gases onto an extremely cold window and then give the ices the equivalent
of a good suntanning," says Allamandola. "After the sample is warmed up,
we can remove any remaining organic materials from the sample chamber and
study them using a variety of analytical techniques," he continued.

One of these is the technique of two step laser-desorption laser-ionization
mass spectrometry. "That's quite a mouthful," says Stanford graduate
student Elsila, "but essentially this is an analytical technique that
allows us to measure the masses of the various compounds in the organic
residue that results from the ice irradiation." "The surprise," says Zare,
leader of the Stanford group, "is just how complex the population of
organics is. Generally we see a peak at virtually every mass up to and
beyond 500 atomic mass units!" This means that the residue must contain
hundreds of distinctly different molecules, the vast majority of them
being considerably larger than the molecules that made up the original ice.

"We are only just beginning to identify all the compounds that are present,"
notes Dworkin. "One of the more interesting classes of compound we have
identified in the residues are amphiphiles. These molecules have the
interesting property that, if you add them to water, they can spontaneously
form vesicles, that is, walled structures reminiscent of cells." This
raises the possibility similar materials could have fallen on the early
Earth and played a role in the formation of the first cellular structures.
"There is some precedence for this idea," notes Deamer, a biochemist from
UCSC and an expert on membranes. "Primitive meteorites are also known to
contain amphiphiles that, when added to water, make structures that are
very similar to those we make from the simulated interstellar residues,"
he continued.

Other chemical compounds the team has been studying is a class of molecules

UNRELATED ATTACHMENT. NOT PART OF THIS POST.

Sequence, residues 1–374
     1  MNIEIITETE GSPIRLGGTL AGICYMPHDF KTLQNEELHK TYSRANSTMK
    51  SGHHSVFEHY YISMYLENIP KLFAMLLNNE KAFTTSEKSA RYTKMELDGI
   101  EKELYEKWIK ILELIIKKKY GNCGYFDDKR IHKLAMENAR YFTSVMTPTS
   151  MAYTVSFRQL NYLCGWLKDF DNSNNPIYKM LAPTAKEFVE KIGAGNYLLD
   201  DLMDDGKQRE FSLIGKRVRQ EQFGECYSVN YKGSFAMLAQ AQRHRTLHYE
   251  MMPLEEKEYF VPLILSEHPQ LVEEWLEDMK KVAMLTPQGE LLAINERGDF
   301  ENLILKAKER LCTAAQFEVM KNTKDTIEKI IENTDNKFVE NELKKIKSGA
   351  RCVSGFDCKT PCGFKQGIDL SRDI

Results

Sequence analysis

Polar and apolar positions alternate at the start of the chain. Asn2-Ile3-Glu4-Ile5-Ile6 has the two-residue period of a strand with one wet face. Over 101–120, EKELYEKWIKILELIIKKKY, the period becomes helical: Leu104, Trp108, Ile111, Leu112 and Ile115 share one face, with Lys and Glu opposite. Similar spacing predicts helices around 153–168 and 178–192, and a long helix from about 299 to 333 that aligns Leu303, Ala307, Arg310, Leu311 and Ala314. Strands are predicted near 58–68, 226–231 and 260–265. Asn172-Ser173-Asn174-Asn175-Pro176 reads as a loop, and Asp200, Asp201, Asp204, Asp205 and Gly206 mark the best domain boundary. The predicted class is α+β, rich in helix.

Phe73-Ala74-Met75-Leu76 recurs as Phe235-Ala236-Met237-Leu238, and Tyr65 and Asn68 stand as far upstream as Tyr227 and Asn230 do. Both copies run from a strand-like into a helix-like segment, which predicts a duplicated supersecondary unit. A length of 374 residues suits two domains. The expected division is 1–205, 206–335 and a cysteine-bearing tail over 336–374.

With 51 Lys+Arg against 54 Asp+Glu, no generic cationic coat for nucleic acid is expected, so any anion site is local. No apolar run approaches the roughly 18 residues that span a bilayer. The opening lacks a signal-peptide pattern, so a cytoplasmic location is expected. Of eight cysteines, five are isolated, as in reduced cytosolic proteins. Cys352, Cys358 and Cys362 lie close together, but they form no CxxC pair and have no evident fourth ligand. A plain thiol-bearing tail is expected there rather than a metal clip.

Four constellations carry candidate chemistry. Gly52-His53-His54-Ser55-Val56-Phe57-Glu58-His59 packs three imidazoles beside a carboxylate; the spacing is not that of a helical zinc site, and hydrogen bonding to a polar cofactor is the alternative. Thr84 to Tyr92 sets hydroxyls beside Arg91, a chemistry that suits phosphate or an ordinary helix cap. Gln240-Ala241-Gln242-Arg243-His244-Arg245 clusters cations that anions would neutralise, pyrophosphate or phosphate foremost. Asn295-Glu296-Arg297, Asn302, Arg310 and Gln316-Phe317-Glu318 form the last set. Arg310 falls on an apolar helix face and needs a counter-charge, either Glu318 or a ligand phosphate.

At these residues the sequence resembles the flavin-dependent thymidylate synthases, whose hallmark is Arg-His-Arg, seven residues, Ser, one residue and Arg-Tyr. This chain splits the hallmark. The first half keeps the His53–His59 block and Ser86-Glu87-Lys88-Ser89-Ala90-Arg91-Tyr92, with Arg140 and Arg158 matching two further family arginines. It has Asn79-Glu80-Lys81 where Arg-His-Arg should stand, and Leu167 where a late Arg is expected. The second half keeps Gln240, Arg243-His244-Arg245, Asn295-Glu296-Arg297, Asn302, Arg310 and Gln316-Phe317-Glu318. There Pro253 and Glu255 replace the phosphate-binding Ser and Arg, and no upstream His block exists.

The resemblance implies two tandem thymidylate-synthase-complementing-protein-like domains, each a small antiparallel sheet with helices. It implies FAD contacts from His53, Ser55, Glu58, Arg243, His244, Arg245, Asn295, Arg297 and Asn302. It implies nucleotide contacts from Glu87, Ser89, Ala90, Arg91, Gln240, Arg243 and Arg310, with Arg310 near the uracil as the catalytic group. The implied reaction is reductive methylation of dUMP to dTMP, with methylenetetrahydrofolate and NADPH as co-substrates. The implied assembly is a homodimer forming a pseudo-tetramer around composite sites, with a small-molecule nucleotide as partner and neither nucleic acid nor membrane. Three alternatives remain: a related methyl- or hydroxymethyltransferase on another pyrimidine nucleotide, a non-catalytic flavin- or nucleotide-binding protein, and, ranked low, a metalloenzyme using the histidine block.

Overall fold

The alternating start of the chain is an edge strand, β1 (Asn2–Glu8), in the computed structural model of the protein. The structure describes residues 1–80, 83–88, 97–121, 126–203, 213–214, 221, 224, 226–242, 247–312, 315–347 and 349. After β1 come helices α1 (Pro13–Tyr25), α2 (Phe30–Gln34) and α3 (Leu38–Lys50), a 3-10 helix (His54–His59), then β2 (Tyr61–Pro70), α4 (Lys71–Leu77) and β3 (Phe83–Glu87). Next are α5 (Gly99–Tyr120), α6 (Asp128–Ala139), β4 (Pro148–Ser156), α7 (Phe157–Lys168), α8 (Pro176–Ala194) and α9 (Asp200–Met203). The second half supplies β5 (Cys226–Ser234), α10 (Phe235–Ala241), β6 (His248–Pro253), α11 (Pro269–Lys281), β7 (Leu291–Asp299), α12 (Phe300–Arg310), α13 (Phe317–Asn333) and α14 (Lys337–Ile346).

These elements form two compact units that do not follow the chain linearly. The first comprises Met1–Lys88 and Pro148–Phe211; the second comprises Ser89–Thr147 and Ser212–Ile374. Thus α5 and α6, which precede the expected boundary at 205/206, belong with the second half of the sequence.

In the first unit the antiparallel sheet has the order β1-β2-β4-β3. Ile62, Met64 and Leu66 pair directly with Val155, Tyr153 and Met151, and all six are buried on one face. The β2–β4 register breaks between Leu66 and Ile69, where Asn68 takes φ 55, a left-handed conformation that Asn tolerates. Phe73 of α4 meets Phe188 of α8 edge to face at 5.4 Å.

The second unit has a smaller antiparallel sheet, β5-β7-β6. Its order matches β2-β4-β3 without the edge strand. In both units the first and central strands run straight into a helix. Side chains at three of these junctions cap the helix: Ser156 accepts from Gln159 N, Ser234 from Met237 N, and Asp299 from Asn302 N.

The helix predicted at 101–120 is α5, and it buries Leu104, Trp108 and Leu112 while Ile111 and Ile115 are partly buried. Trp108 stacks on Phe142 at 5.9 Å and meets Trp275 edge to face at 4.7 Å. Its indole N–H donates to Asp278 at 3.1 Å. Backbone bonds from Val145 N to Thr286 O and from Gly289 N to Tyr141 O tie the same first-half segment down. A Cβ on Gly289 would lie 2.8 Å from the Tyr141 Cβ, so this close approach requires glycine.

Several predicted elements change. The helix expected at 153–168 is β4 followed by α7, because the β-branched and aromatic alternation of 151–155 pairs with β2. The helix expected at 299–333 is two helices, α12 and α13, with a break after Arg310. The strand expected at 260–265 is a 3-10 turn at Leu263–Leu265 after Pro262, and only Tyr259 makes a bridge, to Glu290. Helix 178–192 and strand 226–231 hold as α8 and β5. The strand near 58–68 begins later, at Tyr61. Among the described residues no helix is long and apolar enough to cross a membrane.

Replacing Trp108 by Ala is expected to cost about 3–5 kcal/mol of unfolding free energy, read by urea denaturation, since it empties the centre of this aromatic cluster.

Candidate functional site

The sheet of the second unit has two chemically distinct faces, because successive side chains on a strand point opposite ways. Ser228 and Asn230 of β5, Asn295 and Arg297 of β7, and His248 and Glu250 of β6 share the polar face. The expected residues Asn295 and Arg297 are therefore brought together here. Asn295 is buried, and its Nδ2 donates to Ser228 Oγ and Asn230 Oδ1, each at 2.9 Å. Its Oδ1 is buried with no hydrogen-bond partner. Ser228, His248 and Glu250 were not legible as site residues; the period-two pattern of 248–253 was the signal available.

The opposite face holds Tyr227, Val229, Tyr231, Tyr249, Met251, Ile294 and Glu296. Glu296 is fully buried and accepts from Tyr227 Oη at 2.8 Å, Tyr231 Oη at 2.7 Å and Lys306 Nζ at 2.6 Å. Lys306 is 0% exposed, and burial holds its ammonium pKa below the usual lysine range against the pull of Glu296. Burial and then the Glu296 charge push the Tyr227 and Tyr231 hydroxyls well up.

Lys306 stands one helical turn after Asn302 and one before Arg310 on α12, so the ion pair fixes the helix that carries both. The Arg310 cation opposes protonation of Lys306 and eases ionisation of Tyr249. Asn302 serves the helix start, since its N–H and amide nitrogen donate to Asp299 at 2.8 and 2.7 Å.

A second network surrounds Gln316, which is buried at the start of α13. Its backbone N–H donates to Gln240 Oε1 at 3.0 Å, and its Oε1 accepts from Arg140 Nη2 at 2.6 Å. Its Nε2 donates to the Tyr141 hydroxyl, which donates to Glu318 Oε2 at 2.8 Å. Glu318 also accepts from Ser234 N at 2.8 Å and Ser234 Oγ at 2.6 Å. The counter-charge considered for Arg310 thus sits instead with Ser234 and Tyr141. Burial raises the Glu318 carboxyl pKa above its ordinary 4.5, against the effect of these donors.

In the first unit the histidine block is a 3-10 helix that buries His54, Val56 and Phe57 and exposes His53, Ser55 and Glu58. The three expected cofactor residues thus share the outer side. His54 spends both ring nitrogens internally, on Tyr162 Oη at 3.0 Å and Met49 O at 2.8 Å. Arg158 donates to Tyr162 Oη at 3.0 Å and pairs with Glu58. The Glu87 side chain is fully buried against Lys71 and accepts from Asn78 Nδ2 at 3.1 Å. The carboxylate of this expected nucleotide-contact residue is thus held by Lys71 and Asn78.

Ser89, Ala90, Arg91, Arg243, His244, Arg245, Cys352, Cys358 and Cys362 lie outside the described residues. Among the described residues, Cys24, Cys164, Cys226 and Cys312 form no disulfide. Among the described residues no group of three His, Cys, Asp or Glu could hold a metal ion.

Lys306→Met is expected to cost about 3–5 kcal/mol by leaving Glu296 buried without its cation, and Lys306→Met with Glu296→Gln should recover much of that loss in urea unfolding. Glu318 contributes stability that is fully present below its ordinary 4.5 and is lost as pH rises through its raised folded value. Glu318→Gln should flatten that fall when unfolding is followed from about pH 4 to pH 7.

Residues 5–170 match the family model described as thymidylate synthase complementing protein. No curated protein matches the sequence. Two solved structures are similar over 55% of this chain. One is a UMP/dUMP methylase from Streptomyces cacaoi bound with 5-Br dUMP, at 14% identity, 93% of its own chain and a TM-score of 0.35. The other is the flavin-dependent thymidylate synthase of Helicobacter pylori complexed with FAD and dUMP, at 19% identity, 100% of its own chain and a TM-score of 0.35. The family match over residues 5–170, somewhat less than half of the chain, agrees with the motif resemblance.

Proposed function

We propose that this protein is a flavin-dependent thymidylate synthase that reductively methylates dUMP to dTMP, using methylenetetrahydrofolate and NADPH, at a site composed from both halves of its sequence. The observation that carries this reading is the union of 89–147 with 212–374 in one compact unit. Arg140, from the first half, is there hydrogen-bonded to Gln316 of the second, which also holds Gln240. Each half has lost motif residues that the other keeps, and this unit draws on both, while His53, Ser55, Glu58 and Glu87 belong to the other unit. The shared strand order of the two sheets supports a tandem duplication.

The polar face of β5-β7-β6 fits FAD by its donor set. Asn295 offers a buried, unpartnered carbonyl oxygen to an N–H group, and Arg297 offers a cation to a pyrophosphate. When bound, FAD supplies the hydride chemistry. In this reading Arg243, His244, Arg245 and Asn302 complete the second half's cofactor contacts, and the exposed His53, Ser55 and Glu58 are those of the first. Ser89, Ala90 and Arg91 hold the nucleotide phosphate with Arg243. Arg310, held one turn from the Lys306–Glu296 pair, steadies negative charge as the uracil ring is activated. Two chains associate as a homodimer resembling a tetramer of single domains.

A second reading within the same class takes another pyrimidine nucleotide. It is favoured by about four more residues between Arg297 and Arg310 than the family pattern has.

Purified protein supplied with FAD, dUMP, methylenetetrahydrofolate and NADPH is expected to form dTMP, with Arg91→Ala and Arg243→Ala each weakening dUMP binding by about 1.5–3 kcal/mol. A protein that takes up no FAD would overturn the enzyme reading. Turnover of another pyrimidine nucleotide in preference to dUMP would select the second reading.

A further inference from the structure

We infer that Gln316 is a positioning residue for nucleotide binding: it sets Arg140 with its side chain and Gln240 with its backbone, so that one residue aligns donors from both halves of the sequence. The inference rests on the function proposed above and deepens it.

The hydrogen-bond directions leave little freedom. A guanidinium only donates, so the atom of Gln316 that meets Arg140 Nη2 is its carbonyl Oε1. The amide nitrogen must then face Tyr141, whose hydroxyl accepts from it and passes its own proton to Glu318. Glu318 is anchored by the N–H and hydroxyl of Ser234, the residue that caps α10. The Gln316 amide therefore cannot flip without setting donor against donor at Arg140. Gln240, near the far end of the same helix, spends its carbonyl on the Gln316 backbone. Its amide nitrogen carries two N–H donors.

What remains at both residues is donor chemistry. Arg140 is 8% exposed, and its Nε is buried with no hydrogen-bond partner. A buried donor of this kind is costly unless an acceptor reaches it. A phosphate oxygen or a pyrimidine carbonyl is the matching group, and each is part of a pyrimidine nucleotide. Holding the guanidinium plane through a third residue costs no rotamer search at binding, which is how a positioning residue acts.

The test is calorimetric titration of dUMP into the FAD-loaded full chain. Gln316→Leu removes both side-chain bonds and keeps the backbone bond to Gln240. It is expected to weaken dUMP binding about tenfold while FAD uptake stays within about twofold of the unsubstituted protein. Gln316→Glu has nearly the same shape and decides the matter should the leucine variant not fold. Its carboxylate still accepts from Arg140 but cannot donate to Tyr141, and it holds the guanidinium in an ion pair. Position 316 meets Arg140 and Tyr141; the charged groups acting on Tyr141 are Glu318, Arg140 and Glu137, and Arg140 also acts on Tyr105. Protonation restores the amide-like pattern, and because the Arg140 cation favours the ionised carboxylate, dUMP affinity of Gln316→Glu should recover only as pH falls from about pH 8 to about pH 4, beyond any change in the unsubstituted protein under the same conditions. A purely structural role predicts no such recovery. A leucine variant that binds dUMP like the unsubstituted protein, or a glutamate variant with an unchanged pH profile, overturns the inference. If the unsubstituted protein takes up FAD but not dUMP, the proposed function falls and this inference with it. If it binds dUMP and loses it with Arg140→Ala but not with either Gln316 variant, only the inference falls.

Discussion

called "polycyclic aromatic hydrocarbons," or PAHs for short. These
molecules consist of small sheets of carbon atoms arranged in hexagons with
hydrogen atoms around their edges, much like the shapes you would get if
you cut out pieces of a chicken wire fence. PAHs are common molecules on
the Earth and are a major component of auto exhaust and soot. PAHs are also
very abundant in space, where they are thought to originate primarily in
the outflows of gas given off by stars like our own Sun when they reach the
end of their normal lives. Like the other molecules in space, PAHs should
be frozen into the ice mantles that surround dust grains in interstellar

When the team examined the chemistry that occurred when PAH-containing H2O
ices were irradiated with ultraviolet light, they discovered that the PAHs
were not destroyed, but that many of them did have their edges modified by
the addition of extra oxygen and hydrogen atoms. The addition of oxygen
atoms results in the formation of aromatic alcohols and ketones, i.e., PAHs
where a peripheral H atom is replaced by an -OH group or a doubly bonded
oxygen, respectively. The aromatic ketones are of particular interest.
This class of compounds includes quinones, molecules that currently play
critical metabolic roles in the biochemistry of all living organisms on
Earth. "As with the amphiphiles, this raises the interesting possibility
that the infall of materials made in the interstellar medium may have
played a significant role in getting life started on Earth," notes